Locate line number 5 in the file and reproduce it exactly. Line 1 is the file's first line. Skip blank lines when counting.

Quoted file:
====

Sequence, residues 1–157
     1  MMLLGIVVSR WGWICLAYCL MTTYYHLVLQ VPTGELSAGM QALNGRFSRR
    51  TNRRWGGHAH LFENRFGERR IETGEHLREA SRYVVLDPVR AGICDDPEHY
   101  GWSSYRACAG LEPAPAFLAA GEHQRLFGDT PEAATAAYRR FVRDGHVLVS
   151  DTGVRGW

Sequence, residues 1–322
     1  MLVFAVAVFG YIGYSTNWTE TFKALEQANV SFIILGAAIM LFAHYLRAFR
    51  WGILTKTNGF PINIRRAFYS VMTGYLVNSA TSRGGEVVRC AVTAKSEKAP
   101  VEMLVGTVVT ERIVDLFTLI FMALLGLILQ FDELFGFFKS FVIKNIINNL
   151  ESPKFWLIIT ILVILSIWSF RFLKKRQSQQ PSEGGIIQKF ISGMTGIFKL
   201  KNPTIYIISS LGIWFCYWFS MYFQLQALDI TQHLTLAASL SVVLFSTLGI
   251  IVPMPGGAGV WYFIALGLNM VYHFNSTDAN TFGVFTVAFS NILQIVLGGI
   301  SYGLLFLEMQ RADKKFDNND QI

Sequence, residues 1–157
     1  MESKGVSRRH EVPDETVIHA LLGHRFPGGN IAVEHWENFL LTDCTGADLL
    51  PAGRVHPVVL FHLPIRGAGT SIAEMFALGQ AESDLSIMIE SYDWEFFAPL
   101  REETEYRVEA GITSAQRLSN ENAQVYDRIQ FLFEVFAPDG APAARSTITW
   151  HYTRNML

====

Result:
   151  DTGVRGW